adjective, grayer, grayest.
of a color between white and black; having a neutral hue.
dark, dismal, or gloomy:
dull, dreary, or monotonous.
having gray hair; gray-headed.
pertaining to old age; mature.
Informal. pertaining to, involving, or composed of older persons:
old or ancient.
indeterminate and intermediate in character:
The tax audit concentrated on deductions in the gray area between purely personal and purely business expenses.
any achromatic color; any color with zero chroma, intermediate between white and black.
something of this color.
gray material or clothing:
to dress in gray.
an unbleached and undyed condition.
(often initial capital letter) a member of the Confederate army in the American Civil War or the army itself.
Compare (def 5).
a horse of a gray color.
a horse that appears white but is not an albino.
verb (used with or without object)
to make or become gray.
adjective, noun, verb
a variant spelling (now esp US) of grey
the derived SI unit of absorbed ionizing radiation dose or kerma equivalent to an absorption per unit mass of one joule per kilogram of irradiated material. 1 gray is equivalent to 100 rads Gy
Thomas. 1716–71, English poet, best known for his Elegy written in a Country Churchyard (1751)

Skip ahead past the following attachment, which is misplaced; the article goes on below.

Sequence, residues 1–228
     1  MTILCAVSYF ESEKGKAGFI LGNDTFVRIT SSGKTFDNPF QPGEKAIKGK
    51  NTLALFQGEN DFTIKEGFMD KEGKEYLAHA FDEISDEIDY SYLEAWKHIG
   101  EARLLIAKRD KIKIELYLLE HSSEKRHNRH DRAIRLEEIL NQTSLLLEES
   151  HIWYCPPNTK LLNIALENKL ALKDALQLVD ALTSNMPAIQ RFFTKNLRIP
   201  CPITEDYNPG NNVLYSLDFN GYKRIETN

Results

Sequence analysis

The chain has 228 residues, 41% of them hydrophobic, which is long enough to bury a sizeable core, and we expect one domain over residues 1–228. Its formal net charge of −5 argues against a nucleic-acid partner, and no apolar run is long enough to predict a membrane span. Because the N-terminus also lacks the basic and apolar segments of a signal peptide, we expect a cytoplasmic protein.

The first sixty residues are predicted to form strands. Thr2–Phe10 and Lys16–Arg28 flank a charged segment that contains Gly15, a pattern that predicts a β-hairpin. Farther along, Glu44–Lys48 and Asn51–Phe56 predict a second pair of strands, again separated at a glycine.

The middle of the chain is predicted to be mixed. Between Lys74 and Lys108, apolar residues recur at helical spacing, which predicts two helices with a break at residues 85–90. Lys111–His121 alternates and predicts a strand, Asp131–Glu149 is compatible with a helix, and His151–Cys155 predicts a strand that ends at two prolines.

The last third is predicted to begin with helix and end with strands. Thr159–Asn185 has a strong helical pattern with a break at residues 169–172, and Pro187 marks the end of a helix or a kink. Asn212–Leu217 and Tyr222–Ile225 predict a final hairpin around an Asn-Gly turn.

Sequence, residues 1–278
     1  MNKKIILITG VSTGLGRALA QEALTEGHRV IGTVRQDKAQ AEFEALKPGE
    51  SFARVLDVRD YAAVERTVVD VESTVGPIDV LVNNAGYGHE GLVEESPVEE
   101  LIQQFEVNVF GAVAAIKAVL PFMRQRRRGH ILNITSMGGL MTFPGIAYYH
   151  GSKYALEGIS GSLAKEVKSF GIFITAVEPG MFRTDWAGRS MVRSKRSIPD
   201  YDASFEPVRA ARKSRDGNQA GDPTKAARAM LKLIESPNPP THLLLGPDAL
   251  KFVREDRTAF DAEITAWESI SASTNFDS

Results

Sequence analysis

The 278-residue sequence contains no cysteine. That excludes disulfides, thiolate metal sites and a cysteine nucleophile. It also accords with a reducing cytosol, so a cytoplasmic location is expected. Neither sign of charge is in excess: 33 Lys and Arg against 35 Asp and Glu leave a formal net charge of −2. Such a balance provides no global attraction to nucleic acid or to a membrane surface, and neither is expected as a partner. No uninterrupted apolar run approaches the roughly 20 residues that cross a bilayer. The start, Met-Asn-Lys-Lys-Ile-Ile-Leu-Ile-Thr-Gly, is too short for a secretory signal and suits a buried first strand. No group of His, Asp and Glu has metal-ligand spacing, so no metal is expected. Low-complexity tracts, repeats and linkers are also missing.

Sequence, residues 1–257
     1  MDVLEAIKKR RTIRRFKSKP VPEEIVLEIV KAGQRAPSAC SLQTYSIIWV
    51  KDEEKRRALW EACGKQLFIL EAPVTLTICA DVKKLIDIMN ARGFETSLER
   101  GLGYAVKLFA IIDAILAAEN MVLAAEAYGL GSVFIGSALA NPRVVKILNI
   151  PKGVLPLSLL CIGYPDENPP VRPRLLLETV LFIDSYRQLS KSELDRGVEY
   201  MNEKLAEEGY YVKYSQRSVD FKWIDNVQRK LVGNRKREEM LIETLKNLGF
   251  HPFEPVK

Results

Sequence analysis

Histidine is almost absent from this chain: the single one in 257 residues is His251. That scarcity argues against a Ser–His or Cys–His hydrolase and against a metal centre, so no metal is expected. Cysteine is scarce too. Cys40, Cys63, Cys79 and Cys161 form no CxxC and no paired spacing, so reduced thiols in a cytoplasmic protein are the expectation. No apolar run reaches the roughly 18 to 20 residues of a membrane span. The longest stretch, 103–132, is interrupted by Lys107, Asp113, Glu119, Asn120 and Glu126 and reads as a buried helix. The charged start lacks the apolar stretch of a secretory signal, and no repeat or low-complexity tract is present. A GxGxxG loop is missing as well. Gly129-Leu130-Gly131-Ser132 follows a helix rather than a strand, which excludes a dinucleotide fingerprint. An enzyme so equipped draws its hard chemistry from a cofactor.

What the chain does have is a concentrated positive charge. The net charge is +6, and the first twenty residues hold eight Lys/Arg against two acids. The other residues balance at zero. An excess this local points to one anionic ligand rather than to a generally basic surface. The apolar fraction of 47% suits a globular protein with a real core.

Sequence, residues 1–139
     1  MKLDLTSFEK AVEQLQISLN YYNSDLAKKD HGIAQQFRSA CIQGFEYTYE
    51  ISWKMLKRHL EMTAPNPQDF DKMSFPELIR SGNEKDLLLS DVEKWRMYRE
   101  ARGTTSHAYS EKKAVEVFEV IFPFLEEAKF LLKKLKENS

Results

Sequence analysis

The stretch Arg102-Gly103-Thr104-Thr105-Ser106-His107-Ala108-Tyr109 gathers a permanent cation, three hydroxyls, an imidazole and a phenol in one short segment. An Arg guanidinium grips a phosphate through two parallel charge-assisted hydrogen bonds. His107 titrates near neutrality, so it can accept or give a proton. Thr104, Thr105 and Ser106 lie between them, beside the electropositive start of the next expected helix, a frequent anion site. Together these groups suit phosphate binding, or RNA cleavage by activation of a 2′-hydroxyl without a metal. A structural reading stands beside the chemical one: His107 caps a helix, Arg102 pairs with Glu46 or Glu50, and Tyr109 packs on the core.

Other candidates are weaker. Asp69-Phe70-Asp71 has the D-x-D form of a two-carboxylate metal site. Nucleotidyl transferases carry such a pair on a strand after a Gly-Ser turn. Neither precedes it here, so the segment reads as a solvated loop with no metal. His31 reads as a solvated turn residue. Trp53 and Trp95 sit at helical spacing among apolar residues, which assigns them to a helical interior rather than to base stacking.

Old English græg (Mercian grei), from Proto-Germanic *grisja- “gray” (cf. Old Norse grar, Old Frisian gre, Middle Dutch gra, Dutch graw, Old High German grao, German grau), with no certain cognates outside Germanic. French gris, Spanish gris, Italian grigio, Medieval Latin griseus are Germanic loan-words.
The distinction between British grey and U.S. gray developed 20c. The noun is c.1200, from the adjective. Gray as figurative for “Southern troops in the U.S. Civil War” is first recorded 1863, in reference to their uniform color. Expression the gray mare is the better horse in reference to households ruled by wives is recorded from 1540s. The verb is 1610s (with an isolated instance from late 14c.). Related: Grayed; graying.
A unit for a specific absorbed dose of radiation equal to 100 rads.
Gray (grā), Henry. 1825?-1861.
British anatomist whose work Anatomy, Descriptive and Surgical (1858), known as Gray’s Anatomy, remains a standard text.
The SI derived unit used to measure the energy absorbed by a substance per unit weight of the substance when exposed to radiation. One gray is equal to one joule per kilogram, or 100 rads. The gray is named after British physicist Louis Harold Gray (1905-1965).
- Gray fiber
gray fiber n. See unmyelinated fiber.
[grey-fish] /ˈgreɪˌfɪʃ/ noun, plural grayfishes (especially collectively) grayfish. 1. a name used in marketing for any of several American sharks, especially the dogfishes of the genus Squalus.
[greyv-rob-er] /ˈgreɪvˌrɒb ər/ noun 1. a person who steals valuables from and tombs: Graverobbers had emptied the Mayan tomb before archaeologists could examine its contents. 2. a person who steals corpses after burial, especially for medical dissection.
[grey-ver] /ˈgreɪ vər/ noun 1. any of various tools for chasing, engraving, etc., as a burin. 2. an engraver. [greyv; for 4, 6 also grahv] /greɪv; for 4, 6 also grɑv/ adjective, graver, gravest for 1–3, 5. 1. serious or solemn; sober: a grave person; grave thoughts. 2. weighty, momentous, or important: grave responsibilities. 3. […]